The Barko Factor

Sometimes research is a matter of luck, or at least lucky timing. In 1997, when Carl Barks published a collection of his color pencil sketches, I noted with a chuckle that one of the drawings set in Scrooge's money bin was called Garden of Moolah-a cute and typically Barksian turn of phrase. I gave it no further thought till a few months later, when I chanced across the review of a new biography of Alla Nazimova, the Russian actress who gave Valentino his first starring role. Nazimova was one of the highest-paid screen sirens of the early 1920s, and she spent a large part of her wealth buying and remodeling a Hollywood mansion that she jokingly called the Garden of Alla. There she entertained luminaries from Feodor Chaliapin to Greta Garbo-until the funds ran low. Then she tacked on twenty-five Spanish bungalows and turned her estate into a chic residential hotel. Lionel Barrymore, Dorothy Parker, Scott Fitzgerald, Errol Flynn-the guest book reads like a Hollywood Who's Who.

With so much hard-drinking talent packed onto three and a half acres, it's no surprise that the Garden of Allah, as it came to be called, featured regularly in the gossip columns. Barks would have read the local papers, might even have tried to peek over the garden wall while driving past on Sunset Boulevard. Today the estate and its mistress are forgotten: the gardens were bulldozed in 1959, and we have other, glitzier symbols for wealth and self-indulgence. But Barks grew up with this one, hence the nostalgic joke in the title of his drawing.

The trick, if you're nosing into the past, is to keep yourself open and not hunt too hard. I can remember Garé Barks telling me about the fan who found a feature on Alaskan sled dogs in the National Geographic. He was certain he'd stumbled on the source for "North of the Yukon" (Uncle Scrooge 59)-until she gleefully pointed out that the comic was published several months before the magazine. I've since gone looking for that article, and if there was a feature on sled dogs in 1965, the Geographic's index doesn't list it. Maybe Garé was misremembering. More likely she was pulling my leg.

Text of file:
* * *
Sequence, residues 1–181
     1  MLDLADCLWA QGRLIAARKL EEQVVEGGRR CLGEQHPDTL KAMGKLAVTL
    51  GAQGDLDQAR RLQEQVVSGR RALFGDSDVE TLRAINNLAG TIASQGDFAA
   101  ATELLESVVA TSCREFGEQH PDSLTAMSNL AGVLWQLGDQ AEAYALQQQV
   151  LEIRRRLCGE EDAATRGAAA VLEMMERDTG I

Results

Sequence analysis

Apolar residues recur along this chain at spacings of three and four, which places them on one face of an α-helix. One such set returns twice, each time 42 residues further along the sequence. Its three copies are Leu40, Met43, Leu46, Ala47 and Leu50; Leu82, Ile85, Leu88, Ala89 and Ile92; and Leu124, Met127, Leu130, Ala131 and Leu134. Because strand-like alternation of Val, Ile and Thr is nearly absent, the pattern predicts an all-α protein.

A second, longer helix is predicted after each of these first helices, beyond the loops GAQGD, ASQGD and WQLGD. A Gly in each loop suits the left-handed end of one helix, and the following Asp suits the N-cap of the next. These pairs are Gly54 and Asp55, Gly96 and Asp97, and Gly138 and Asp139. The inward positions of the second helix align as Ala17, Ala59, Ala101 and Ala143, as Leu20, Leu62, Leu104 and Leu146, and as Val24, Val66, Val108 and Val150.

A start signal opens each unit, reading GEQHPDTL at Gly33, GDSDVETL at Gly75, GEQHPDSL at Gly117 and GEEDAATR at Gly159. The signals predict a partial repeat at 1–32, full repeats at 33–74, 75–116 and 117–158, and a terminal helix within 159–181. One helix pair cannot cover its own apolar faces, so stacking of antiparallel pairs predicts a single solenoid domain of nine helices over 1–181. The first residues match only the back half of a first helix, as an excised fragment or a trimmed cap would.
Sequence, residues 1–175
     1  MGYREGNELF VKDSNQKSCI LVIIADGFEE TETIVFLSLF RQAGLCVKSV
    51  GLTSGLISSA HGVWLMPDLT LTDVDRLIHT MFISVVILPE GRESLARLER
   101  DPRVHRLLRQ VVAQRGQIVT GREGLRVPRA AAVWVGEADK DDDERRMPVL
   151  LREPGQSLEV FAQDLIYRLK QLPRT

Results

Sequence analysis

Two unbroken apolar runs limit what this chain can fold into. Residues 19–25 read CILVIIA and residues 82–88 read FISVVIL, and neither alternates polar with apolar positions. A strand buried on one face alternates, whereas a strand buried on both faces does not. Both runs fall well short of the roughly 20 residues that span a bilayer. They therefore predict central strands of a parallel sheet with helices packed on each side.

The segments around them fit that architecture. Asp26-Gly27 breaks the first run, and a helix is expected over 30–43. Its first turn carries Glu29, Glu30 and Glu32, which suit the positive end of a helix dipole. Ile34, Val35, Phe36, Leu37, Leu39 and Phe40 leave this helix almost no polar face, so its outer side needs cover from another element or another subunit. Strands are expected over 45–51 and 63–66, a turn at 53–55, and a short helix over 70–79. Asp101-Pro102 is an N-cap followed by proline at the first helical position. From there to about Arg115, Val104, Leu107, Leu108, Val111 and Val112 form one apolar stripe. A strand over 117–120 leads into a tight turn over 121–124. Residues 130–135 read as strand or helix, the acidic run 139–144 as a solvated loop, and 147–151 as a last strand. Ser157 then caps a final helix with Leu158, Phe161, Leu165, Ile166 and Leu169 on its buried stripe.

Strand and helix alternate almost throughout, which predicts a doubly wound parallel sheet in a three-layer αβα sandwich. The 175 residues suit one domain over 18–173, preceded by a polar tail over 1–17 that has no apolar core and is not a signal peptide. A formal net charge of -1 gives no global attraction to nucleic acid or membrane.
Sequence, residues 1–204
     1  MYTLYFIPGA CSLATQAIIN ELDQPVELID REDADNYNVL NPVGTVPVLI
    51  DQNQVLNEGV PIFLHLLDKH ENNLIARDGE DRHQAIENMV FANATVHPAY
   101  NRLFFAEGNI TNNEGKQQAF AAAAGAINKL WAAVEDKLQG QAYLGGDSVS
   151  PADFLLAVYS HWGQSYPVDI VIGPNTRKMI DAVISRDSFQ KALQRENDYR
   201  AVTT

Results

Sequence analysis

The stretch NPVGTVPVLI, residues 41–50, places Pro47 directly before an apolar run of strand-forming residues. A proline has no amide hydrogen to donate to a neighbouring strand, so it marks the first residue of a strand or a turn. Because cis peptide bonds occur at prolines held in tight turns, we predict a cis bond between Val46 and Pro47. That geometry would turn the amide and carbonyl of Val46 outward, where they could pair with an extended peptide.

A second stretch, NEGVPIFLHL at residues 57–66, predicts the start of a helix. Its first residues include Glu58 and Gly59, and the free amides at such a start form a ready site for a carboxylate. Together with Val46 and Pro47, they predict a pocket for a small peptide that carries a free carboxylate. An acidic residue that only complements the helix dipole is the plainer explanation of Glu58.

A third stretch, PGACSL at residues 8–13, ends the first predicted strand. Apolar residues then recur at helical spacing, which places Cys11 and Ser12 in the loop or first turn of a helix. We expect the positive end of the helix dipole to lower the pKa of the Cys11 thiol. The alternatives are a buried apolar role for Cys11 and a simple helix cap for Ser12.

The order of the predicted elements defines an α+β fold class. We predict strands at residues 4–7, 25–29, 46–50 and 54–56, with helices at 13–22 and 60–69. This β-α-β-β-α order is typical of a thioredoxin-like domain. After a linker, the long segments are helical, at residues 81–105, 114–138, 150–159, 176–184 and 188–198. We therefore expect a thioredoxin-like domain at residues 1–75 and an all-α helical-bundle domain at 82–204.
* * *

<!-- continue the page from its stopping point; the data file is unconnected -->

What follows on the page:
At the time I wasn't worried; I was following another trail. The more I got to know Carl Barks, the more it seemed to me that Scrooge's sled dog Barko was an autobiographical projection. The equivalence of names alone was too strong to ignore. In 1989 I asked the artist point-blank to confirm this, but he just grunted, "Barko seemed to be a logical name for a dog. He wasn't named after me." Well, if the great man wanted to be coy, that was his business. I knew that Barko, like Scrooge, was a frontiersman, an emblem of the tough but honest way of life with which Barks had long identified. Scrooge is the artist's reclusive nature, Barko is more outgoing, but when the chips are down, they pull together. "North of the Yukon" presents us with two faces of an aging champion who still has what it takes to beat modern courts, cons, and media campaigns. You tell me that isn't a story about Barks.